Andrew had been nothing but concerned about her in private moments and in public ones making sure she wasn’t getting too tired. He was glad she had a bit more of Charlotte in her at times, in knowing when to slow down. With Michaela she hadn’t wanted to stop working. Smiling to himself he remembered when Michaela did return and how much she doted on Katie, always the busy woman.
“You will sit and rest soon?” Looking up into her husband’s eyes and smiling, “Of course, just one last patient to see. Just a splinter, won’t take long.” A moment later she was gone and Andrew found himself staring down a bustling hallway.
Turning on his heels, Andrew made his way to the door to get some fresh air. He did miss the mountain air after all those years spent in Boston. It was a fine city, but Colorado Springs felt like home and what he remembered on his first arrival was vastly different from what he saw now. Paved streets and buildings that looked as if they belonged in a city, not a wild territory as it once was.
“Papa!” Anna called out as she burst from the doors. “Look what I got!” Running straight into his arms, she proudly showed him the colorful lollipop she’d been given. “Mama said I could have one if I sat still and waited for her.” Andrew smiled down at his little girl, “I’m happy you have earned such a gift.”
Setting his daughter down on the porch, Andrew reached out his hand for her to take. “Let’s go take a walk, shall we?” Anna moved her treasured sweet to her other hand and stuck out her small one to be grasped in her father’s bigger one. In just a week’s time, Anna had fallen into a routine as if she had lived there her whole life. She had been born into society, but had her Ma’s pioneer spirit. The outdoors agreed with her and she’d been out several times with her Uncle Brian. Andrew had been a fish out of water upon his arrival and stumbled where his daughter danced.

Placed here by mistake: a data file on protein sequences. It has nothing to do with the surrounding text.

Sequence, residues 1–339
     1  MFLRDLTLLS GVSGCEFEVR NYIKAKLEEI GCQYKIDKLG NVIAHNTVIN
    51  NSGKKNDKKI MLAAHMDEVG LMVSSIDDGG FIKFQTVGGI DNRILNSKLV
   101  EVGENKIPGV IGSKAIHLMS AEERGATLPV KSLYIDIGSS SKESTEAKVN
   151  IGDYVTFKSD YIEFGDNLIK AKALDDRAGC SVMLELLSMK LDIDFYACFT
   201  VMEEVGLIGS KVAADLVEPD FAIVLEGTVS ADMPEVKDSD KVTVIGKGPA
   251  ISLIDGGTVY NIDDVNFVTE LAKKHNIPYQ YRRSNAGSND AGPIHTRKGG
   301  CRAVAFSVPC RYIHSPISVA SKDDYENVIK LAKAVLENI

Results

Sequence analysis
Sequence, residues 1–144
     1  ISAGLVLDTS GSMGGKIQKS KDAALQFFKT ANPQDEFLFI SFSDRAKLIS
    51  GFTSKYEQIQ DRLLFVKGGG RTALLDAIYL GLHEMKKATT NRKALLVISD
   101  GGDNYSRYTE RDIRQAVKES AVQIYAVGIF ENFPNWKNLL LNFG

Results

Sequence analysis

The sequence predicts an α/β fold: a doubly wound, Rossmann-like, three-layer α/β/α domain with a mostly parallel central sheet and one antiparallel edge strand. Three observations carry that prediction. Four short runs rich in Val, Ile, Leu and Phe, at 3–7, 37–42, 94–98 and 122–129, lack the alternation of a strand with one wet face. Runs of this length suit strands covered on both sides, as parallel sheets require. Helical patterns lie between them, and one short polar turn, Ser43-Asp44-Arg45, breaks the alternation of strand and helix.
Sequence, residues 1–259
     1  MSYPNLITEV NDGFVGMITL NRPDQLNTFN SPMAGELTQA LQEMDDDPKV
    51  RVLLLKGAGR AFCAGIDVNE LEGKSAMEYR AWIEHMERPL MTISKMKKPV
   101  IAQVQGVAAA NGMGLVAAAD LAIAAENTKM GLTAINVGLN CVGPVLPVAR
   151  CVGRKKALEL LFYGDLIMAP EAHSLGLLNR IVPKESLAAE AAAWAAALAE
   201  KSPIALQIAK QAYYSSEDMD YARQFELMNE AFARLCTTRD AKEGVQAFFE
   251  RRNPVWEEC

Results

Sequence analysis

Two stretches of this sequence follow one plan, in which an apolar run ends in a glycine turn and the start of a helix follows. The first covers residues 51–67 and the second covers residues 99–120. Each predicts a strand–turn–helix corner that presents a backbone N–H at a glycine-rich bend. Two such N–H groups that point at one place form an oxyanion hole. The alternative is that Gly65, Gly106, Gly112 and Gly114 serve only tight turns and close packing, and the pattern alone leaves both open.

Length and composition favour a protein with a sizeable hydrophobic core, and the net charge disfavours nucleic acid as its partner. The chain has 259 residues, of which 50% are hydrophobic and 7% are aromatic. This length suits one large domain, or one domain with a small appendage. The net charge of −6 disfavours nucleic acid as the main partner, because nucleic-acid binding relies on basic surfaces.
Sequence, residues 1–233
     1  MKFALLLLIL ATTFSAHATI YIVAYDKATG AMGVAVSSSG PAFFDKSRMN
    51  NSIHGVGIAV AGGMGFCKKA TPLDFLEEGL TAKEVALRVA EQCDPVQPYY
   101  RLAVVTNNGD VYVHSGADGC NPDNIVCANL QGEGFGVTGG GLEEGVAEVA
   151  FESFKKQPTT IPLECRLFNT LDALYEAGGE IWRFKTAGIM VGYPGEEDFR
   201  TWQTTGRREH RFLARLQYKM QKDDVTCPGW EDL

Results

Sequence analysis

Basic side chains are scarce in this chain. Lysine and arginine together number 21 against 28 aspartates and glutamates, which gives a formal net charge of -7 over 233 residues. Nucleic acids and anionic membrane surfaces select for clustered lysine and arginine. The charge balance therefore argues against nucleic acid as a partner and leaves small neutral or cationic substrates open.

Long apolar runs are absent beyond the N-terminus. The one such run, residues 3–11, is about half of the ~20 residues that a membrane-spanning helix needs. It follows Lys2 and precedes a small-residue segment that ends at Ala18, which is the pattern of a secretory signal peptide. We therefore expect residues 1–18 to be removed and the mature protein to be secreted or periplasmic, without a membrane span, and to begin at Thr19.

As they walked he was peppered with questions about one thing or another. Is that the church where you and Mama were married? Was the schoolhouse always red? “Yes that’s the church, only its much bigger now. It used to be a small church, but the Reverend raised funds to expand with the growing town. I’m afraid so, your Uncle Brian really wanted that schoolhouse built. He was so excited to go to school and learn.”
Anna stopped, turning to look around at everything her Pa had just described. Everything seemed so vast and big to her and she loved hearing stories. She tried to picture everything as rustic as it used to be, without all the finery. If only she had her pencils with her, Colorado Springs had beautiful scenery that she wanted to draw.
Kneeling down next to his daughter, watching her taking everything in around her with the eyes of a child, made him realize how lucky he was. To have someone to share all those special memories with besides his wife, who could pass those stories down through the generations just like the Indians did. His heart felt overjoyed; he was finally home again.
Colleen carefully opened up the lid of her trunk, the one she had been given so long ago. It had weathered with age but still held lots of memories. She remembered the visit from Gilda St. Claire, dresses made by Emma, and all the spaces for her personal things.
She still kept her dresses in there and some personal items, but now that Anna was a part of their lives she let her daughter store her special things there too. Anna liked to think of it as her treasure chest with the magic pencils. Now she wondered what the other special person in her life would bring into the world.
Colleen reached inside to pull out the pale blue yarn and needles. She had started a baby blanket and had chosen the pale color as a reminder of the Colorado skies. Learning to knit had been difficult with all the hours spent trying to get it right, and then those that she didn’t. Smiling she remembered Dr. Mike doing the same with the blanket for Katie.
“It looks beautiful, Colleen,” Michaela had been watching her daughter pick up the blanket and delicately run her fingers over the stitches. “Thanks, Ma.”
Colleen reached inside the hidden folds of the blanket, retrieving the small white booties and a hat she had made. Both were of a delicate white and had taken hours. She held them gently out to her Ma, a gesture that meant more than just saying she was with child again. “Oh, Colleen,” Michaela breathed as she reached out to hug her daughter close. “This is so exciting.”
Colleen leaned her head against her Ma’s as she stared down at the tiny baby things, thinking about how lucky she was along with the unborn baby. Her child would have wonderful, wide open spaces to run, mountains to climb and two uncles an aunt and grandparents to dote on the precious little one. Colorado was where she belonged and where she would stay with her growing family.